TED sells 'virtual seats' to lofty gatherings
TED on Wednesday began selling "virtual seats" to its prestigious and mind-expanding flagship gatherings.
TED is known for its mix of brilliant, creative people and annual conferences that attract members ranging from celebrities and politicians to Nobel Prize winners and founders of Internet titans such as Google and Amazon.
Attending prestigious TED gatherings requires an invitation and tickets are priced at $6,000 each.
The nonprofit organization behind TED said on Wednesday that people can now attend its renowned California and global conferences virtually by watching presentations streamed online live as part of annual memberships costing $995.
"TEDsters have asked us for a convenient and affordable way to enjoy TED all year long," TED community director Tom Reilly said in a release.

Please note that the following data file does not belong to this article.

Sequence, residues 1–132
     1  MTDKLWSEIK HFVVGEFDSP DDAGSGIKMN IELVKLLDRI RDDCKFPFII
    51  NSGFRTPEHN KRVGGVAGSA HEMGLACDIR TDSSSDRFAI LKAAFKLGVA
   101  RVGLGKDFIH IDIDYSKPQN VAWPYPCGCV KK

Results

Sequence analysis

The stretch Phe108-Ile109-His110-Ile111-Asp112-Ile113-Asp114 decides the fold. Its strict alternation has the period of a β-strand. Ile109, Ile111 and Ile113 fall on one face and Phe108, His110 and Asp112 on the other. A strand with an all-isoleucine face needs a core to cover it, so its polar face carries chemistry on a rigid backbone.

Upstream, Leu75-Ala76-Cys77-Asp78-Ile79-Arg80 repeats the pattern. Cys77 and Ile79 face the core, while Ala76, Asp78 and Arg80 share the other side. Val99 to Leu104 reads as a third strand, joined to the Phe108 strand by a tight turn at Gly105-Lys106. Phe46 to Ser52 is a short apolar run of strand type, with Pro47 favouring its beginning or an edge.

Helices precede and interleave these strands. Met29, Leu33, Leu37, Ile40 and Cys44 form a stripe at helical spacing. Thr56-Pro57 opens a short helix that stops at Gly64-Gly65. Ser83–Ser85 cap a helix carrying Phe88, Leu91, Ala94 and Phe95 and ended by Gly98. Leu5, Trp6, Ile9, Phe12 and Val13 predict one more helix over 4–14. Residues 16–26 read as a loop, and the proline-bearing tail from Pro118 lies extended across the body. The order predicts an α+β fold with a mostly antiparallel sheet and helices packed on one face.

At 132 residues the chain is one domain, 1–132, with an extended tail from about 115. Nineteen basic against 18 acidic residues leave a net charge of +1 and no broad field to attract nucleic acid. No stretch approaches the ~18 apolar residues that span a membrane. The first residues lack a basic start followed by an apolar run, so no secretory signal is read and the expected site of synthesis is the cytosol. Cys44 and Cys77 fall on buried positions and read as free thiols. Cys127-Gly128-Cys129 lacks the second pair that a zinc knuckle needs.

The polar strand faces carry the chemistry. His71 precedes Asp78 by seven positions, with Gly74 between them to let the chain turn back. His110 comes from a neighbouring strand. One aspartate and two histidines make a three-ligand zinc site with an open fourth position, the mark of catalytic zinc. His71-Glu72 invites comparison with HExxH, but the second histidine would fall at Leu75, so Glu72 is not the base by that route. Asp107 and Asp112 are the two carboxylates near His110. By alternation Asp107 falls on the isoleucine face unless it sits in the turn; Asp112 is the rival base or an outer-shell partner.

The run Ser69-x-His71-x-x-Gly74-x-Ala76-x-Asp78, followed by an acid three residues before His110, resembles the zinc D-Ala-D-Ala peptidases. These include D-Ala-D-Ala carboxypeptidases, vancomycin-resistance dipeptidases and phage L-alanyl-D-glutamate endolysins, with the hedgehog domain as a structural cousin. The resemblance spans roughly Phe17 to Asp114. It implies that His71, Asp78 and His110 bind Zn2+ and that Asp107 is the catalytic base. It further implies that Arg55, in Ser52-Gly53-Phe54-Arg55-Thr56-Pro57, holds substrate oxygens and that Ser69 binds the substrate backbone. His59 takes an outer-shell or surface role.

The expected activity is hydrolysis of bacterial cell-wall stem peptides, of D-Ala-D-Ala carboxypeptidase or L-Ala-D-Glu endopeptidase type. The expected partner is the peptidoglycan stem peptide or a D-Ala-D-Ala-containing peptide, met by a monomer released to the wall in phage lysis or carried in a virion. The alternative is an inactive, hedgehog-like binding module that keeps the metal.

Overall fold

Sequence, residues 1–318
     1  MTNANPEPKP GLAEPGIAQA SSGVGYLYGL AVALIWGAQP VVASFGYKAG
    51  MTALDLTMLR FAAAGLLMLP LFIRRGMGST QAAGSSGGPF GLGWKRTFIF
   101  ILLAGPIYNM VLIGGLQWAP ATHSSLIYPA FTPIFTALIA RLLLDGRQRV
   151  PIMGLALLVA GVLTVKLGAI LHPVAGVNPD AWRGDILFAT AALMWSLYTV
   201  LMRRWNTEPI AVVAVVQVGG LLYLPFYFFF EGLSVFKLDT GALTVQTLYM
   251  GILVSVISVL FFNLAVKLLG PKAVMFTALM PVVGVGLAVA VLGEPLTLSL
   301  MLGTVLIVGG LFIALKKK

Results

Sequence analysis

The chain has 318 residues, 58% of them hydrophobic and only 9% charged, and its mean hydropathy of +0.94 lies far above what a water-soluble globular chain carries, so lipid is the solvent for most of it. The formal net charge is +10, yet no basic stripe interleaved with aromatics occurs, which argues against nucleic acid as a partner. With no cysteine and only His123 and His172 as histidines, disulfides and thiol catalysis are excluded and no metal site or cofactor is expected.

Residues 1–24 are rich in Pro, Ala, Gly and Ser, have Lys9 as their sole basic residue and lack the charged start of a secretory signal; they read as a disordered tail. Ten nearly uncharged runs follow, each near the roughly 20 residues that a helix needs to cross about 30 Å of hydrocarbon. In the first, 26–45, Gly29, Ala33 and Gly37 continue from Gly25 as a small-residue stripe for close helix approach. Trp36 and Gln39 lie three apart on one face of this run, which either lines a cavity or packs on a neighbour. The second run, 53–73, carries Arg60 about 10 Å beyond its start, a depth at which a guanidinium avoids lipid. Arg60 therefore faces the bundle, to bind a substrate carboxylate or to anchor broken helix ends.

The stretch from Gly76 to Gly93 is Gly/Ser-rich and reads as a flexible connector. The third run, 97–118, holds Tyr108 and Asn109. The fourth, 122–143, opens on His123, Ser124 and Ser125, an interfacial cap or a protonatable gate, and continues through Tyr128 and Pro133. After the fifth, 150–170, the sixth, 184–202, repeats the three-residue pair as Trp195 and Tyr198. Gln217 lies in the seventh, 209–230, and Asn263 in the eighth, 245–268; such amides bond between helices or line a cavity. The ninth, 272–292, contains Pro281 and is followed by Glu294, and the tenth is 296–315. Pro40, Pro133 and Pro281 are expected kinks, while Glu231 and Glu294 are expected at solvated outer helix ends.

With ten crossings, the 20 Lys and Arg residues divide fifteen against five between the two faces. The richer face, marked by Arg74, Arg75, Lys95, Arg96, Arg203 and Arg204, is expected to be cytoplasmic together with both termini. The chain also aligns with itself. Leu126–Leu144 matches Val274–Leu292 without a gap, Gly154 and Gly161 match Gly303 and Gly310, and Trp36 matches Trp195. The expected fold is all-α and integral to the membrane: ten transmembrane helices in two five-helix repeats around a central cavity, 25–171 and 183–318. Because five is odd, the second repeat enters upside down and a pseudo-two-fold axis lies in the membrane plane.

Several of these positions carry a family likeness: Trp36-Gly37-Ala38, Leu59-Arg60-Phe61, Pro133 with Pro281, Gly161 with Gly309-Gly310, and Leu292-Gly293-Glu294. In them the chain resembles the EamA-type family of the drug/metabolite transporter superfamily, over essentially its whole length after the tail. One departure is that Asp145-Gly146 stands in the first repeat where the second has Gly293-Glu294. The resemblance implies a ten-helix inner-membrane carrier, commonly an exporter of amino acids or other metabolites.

"By watching both conferences at their home, work or office; receiving a TED Book twice a month for a year, delivered automatically to the Kindle Fire; and getting private access to the TED Live community, members will enjoy exclusive access to TED all year round," he said.
Memberships for universities or small businesses were priced at $2,500 annually. Details were available online at TED.com/pages/TEDLive.
TED conferences have evolved from elite intellectual gatherings to a global exchange of thought-sparking ideas.
Renowned scientists, political leaders, artists, entrepreneurs and musicians have taken to the stage at the technology-focused gatherings where they are urged to give the "talk of their lives" in 18 minutes.
The annual Technology, Entertainment, Design conferences started 27 years ago in California as annual enclaves where elite thinkers got together to explore life from challenging or unusual perspectives.
The nonprofit Sapling Foundation began making recordings of talks available online as podcasts in 2006, then began streaming videos free at a TED.com website the following year to reach a global audience.
TED talks have legions of followers on the Internet and have spread to television stations around the world.
Late last year, TED released an application that lets the popular videos be viewed on Apple's iPad. Volunteers have been translating TED talks into myriad languages.
(c) 2011 AFP